By Charlotte Davis
BBC Radio 4's Crossing Continents
Whilst the world watches in horror at the rash of kidnapping in Iraq, it should consider looking to Mexico for expertise in kidnap and negotiation.
Officers are trained to cope with hostage situations
Every Mexican family knows they might have to negotiate the liberation of a loved one.
It has become a way of life, though nobody knows how many kidnappings there are here every year.
The official figures say there were only 214 kidnaps between 2001 and 2003, but security groups say it is closer to 1,200 in 2003 alone.
Being native to Mexico City, Dr Pablo Carstens became a kidnap negotiator more through necessity than choice.
He left university as a fully trained veterinary surgeon. But an unconventional career path led from guard dog training into Mexico's massive security business.
After showing promise in the negotiation of freeing his own cousin he received formal training from security giant Control Risks and now runs his own security company.
He helps liberate about 30 victims a year.
Pablo assists families through their crisis in a calm, quiet manner, chain-smoking all the way.
He took me to his latest negotiation where 32-year-old Mauricio was negotiating the liberation of his father, Pasquale.
The family was certainly not as rich as I was expecting. But wealthy Mexicans are increasingly nervy, difficult targets. So kidnappers are now hunting lower down the food chain.
The "crisis centre" was Mauricio's sister's modest apartment. Cans of cola and packets of cigarettes were stacked in the corner to sustain them between telephone calls.
Poignantly, cheerful family photos on display were a stark contrast to the family sitting tensely in the room.
To help Mauricio, Pablo had written prompts on sheets of paper covering the wall, such as: 'We have not got that money', and 'that account has been closed for months'.
Prompts usually work well but Pablo confided: "Mauricio is not very bright, he is a terrible negotiator. I must teach him how to speak, how to breathe, so he sounds scared, because the life of the father can depend on this son's performance."
When the call came the air was suddenly electric. Pablo frantically wrote prompts on the wall as the tinny voice of the kidnapper rang out, shouting obscenities at the dumbstruck Mauricio.
"This is your last chance," he said, "If you do not give us the money he is dead."
When the calls came in, Pablo scribbled his prompts
Mauricio opened and closed his mouth a few times like a goldfish and stammered: "No, No!"
It was not just that Mauricio was not a natural communicator that was causing trouble for Pablo.
He had discovered that one of Pasquale's daughters, who was pushing for immediate payment of the ransom, was in love with a policeman.
BBC Radio 4's Crossing Continents
Mexico's kidnap crisis was broadcast on Thursday, 15 April, 2004 at 1100 BST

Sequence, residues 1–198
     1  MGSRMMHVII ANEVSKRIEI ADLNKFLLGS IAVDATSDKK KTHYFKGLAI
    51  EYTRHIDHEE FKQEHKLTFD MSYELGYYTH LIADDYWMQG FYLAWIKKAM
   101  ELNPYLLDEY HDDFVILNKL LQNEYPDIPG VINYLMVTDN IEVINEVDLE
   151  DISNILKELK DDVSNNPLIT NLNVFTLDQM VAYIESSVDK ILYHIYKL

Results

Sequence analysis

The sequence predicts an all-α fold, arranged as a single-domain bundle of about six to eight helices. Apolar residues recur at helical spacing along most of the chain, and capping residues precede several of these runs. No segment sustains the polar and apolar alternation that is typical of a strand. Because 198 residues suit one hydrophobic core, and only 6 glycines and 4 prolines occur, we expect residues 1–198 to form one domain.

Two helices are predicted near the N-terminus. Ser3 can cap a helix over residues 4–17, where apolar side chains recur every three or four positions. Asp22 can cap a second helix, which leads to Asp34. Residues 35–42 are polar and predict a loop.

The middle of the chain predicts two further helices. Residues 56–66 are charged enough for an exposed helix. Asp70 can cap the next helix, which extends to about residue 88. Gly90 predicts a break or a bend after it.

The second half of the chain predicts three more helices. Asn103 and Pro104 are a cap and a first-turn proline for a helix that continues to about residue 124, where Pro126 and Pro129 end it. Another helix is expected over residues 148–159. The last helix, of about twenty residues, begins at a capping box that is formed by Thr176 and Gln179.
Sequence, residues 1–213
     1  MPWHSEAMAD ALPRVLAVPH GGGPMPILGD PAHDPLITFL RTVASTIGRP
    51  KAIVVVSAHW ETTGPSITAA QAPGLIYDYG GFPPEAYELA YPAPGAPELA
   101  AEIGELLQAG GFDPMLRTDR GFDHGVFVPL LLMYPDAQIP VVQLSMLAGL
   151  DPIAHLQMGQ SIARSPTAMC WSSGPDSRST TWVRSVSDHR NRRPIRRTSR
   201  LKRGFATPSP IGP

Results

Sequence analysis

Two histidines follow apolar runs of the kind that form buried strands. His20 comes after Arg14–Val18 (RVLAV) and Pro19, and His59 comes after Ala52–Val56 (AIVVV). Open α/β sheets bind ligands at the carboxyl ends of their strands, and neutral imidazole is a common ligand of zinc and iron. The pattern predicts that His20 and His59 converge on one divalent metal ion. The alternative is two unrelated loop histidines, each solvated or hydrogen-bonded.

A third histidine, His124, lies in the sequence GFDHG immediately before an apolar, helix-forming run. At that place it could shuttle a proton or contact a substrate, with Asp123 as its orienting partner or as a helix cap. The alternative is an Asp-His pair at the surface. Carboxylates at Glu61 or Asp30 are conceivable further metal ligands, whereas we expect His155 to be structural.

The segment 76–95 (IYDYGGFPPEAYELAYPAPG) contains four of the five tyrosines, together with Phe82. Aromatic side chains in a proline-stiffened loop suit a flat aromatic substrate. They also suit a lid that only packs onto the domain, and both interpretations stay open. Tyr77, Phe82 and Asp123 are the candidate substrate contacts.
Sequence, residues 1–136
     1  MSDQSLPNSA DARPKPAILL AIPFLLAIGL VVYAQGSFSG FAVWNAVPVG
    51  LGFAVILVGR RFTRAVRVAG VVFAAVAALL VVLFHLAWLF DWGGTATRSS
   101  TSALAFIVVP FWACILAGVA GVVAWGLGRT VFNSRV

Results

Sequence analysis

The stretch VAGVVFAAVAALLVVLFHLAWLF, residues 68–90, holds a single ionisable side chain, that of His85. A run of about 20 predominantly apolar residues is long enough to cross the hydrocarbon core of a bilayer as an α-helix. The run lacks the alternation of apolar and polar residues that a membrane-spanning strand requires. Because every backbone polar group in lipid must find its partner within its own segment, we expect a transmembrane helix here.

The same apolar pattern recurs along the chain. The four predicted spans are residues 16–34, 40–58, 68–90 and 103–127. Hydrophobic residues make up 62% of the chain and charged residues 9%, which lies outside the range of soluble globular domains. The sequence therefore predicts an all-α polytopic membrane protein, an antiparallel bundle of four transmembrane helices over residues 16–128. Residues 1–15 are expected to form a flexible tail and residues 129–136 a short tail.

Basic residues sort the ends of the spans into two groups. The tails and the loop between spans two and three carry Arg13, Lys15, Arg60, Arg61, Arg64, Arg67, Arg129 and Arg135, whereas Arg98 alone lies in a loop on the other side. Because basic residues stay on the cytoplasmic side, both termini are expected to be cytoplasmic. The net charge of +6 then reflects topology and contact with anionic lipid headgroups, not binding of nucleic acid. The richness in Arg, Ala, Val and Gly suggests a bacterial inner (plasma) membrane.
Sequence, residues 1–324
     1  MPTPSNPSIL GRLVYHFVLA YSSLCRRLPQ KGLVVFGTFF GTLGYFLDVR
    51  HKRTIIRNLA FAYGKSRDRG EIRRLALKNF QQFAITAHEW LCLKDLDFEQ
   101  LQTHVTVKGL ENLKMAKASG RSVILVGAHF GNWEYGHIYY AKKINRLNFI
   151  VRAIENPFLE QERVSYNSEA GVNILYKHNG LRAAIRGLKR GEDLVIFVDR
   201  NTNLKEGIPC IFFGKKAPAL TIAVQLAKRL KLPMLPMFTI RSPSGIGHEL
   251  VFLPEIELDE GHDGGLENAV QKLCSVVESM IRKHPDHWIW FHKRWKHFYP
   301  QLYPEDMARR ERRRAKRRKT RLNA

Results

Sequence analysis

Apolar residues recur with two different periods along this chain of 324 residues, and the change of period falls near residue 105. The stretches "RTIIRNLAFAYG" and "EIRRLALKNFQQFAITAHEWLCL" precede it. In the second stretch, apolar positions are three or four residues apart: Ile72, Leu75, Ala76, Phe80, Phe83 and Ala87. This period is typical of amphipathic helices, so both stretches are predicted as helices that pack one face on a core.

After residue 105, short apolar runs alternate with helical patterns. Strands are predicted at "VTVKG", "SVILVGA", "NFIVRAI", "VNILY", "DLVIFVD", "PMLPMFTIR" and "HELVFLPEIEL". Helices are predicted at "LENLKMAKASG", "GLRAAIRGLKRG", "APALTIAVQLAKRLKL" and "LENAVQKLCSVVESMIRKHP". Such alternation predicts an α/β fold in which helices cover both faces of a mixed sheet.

'It is a possibility that this guy is involved [in the kidnap], he is not a good guy,' he said.
Legal representatives of victims claim at least 70% of kidnaps involve police or ex-police participation.
I met with a senior anti-kidnapping agent who admitted the problem. "You know about the calls, the tactics, even how to tap phones, to check up on families, the kind of thing the police can do,' he said.
'The problem is that some people just want easy money and know how to do it."
When I asked if the rate of kidnap is going down, he said: "It is going up, it is getting worse, the government no longer gives out kidnapping figures to the media because they do not want people paranoid on the street. They do not want to start a national crisis about kidnapping."
The relationship between the police and private negotiators is tense. Over time, Pablo has developed a trusting working relationship with a few policemen, but he told me:
'You have to be very careful, no names, addresses, money amounts are written down or given in police files, and I am still cautious with those I have worked with a long time,' he said.
After four more days of complex haggling and threats, Pasquale was released. It was Mauricio who opened the door to his father at 0300. He had been beaten and had two broken ribs.
Pasquale came in to see Pablo for a debrief and we heard the story. He had been abducted by eight men and taken to a house out of the city, where he had been guarded and fed by two of the kidnappers, one of which was a woman.
At least one other victim was being held in another room.
Pablo made efforts to get Pasquale to report the kidnap to the police but Pasquale refused. When the issue was pushed further Pasquale replied:
"It is important that the police do not give me trouble. The boss of this group, he was a policeman and he is not any old policeman... If there is some way that they will overlook me, my family, that is for the best is it not?"
I asked Pablo what his personal thoughts were on the kidnap problem, and he told me: "Maybe the authorities are saying that in a couple of years there will be not one single case. In reality, it is getting higher.
"Everyone thinks it is just because the police are corrupt, but that is because the police are part of a rotten society.
"I do not think it is just a police matter. Kidnap here is a social problem."
BBC Radio 4's Crossing Continents was broadcast on Thursday, 15 April, 2004 at 1100 BST, and was repeated on Monday, 19 April, 2004 at 2030 BST.